Buell Firebolt XB9R

20 May 2015 | Author: | Comments Off on Buell Firebolt XB9R
Buell Firebolt XB9R

Buell Firebolt XB9R (October 2002)

If you could boost a Buell XB9R’s horsepower by nearly 25 percent for a mere $1300 investment, why wouldn’t you

As I wheelied past the unsuspecting Porsche driver, front wheel clawing towards the heavens, a sudden gust of wind caught the XB9R. I did the best I could to bring the featherweight bike back on line, but it was too late. Way too late.

As the front wheel crashed back to planet Earth I realised I’d miscalculated by the narrowest of margins, the Buell’s clutch lever just clipping the driver-side mirror pod on the $200K German sportster.

Oh dear, one damaged clutch lever and one very red face.

But hey, when the bike you’re riding has copped a race-kitted makeover that yields an extra 15 ponies at the rear wheel, as well as throttle response that makes a jab from Kostya Tszyu look slow, then does it really matter.

There was no way I was hanging around, the positively minuscule XB9R carving into the distance as the rorty pipe played out its tune around the twists and turns of Brisbane’s Mount Glorious biker heaven.


That’s the story I settled on, and it’s in fact the one I e-mailed through to ZZ-R1100-riding Jim, who’d I’d met not long before atop Brisbane’s (in)famous biking road at the Mount Glorious cafe.

I was hoping he’d find it believable enough for me to then pull the wool over my colleagues’ eyes at Horror HQ. After all, I’d stoop to anything to avoid adding my name to the dreaded AMCN Crash File.

Needless to say Jim found my yarn hard to believe, although he gave me points for trying.

You’re phaarkin’ unbelievable, he commented. I don’t care how I do it, but I’ll get the true story through to the guys at Horror HQ one way or another.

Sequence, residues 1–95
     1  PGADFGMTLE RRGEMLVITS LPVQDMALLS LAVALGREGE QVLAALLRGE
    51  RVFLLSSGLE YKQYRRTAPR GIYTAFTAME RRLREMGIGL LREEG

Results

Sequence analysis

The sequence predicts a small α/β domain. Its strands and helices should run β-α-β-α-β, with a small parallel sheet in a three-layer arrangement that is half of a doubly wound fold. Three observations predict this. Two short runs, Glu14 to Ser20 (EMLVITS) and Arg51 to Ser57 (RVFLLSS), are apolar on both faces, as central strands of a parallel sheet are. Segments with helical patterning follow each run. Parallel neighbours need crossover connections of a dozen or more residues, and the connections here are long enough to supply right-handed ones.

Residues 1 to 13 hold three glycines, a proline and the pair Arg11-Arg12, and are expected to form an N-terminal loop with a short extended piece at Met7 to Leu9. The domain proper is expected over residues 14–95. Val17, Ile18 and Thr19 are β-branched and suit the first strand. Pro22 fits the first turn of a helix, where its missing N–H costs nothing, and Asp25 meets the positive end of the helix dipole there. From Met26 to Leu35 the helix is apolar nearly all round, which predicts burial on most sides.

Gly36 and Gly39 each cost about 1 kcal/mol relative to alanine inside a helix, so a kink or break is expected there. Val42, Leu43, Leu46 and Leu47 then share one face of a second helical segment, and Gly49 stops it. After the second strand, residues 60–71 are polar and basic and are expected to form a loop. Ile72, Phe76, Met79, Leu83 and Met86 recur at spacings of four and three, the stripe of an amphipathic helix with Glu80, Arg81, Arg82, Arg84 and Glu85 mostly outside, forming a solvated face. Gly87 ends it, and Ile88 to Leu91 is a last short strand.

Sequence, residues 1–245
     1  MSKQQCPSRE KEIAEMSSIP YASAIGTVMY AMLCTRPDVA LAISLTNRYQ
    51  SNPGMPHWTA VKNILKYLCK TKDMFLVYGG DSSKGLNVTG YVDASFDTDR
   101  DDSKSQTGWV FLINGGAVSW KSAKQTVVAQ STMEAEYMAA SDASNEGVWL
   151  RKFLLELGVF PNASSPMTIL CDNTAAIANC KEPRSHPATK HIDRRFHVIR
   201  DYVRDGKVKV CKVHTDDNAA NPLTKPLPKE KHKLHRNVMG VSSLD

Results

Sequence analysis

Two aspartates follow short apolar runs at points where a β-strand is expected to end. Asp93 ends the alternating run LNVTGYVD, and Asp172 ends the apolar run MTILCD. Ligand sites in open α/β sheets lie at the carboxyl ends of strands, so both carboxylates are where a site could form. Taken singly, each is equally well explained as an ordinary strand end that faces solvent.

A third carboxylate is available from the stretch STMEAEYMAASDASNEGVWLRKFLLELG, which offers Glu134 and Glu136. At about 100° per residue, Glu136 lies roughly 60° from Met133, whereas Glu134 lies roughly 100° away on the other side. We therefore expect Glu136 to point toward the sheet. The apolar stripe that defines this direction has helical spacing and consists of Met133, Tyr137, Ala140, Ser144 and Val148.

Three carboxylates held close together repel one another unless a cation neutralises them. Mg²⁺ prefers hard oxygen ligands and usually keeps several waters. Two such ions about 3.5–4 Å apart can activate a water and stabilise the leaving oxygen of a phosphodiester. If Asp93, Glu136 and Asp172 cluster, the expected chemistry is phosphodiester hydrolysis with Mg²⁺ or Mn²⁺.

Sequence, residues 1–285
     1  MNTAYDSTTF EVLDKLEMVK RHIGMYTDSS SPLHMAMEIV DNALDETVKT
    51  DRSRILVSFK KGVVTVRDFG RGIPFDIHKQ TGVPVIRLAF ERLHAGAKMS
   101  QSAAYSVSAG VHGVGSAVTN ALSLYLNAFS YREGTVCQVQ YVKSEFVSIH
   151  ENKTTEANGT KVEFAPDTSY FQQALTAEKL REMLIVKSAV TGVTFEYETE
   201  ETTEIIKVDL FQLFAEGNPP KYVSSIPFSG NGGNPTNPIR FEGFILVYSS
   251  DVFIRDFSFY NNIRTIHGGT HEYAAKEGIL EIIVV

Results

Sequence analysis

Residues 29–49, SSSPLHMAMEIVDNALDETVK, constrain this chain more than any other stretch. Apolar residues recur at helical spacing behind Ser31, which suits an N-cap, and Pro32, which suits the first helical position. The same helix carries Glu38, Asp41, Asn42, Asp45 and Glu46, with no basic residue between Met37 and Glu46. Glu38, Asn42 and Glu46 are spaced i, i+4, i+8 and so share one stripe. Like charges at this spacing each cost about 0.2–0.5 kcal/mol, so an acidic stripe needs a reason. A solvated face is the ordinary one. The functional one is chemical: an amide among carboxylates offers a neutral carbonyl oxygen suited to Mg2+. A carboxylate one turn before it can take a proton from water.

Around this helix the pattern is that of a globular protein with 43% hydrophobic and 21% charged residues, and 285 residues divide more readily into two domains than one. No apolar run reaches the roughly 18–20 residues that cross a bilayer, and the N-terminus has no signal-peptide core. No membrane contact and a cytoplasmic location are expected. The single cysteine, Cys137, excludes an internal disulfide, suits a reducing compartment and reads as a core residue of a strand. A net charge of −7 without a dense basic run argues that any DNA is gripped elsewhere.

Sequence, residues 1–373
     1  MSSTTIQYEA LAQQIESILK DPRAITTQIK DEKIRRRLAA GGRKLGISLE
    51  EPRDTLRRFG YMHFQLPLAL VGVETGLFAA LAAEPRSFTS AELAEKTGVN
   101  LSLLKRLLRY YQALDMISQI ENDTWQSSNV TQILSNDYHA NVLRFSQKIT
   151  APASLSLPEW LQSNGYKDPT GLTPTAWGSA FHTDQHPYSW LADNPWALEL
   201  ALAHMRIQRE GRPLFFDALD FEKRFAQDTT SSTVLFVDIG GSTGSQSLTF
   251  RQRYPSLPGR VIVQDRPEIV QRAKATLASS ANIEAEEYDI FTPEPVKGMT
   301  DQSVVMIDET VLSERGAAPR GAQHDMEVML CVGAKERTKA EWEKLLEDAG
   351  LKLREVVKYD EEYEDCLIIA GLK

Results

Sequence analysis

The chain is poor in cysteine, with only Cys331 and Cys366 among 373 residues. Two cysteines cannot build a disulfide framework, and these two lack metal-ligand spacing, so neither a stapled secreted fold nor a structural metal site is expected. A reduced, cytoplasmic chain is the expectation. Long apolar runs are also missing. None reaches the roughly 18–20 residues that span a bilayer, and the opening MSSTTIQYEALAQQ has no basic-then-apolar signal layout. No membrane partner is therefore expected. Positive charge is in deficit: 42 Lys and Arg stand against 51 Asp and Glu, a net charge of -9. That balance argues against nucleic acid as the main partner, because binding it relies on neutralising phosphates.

Three intercepted e-mails later Jim gave up, and I’ve heard not a boo from him since.

As for the reason he found my story hard to believe? Well, that’s because he, along with around a dozen other motorcyclists, had borne witness to my goodself ‘re-erecting’ the race-kitted Firebolt from the horizontal position it had found itself in. No gust of wind, no Porsche, no diesel spill, just a dodgy sidestand and a corresponding very red face on yours truly.


When I attended the Aussie launch of the Firebolt back in April, I commented that it’s not often a whizbang new sportsbike is released with a claimed horsepower figure lower than the model it’s superseding.

I went on to add that when the claimed torque is over 25 percent more on the old model (X1 Lightning) than the new kid on the block, you’ve gotta start asking questions!

Well those questions continued to be asked when the $17,995 Firebolt finally made it on to Aussie roads a couple months back – our ADR requirements had robbed even more of the Firebolt’s get-up-and-go. Around 7ps in fact from the testbikes I’d sampled at the launch.

But I’ve found the answer, albeit a $1364 one. It consists of a Firebolt racekit – which includes a replacement ECU, twin-exit sports pipe and high-flow filter.

For those extra bucks you get those aforementioned 7ps back, plus an extra 8ps (15 ponies all told), as well as throttle response more akin to an injected Jap four. The engine is unbelievably crisp for a 984cc pushrod 45-degree V-twin.

Further good news is that you still get the 21-degree rake and 83mm of trail, a claimed 175kg, and a tiny 1320mm wheelbase that is some 55cm shorter than my goodself.


My recent second chance for Firebolt sampling came a few weeks back, again in Queensland – in Brisbane’s hinterland and on the Gold Coast.

My intitial fang at Norwell at the Aussie launch had put to rest any concerns over the XB9R’s straightline stability, but I was keen to see how the innovative chassis would perform with the extra ponies.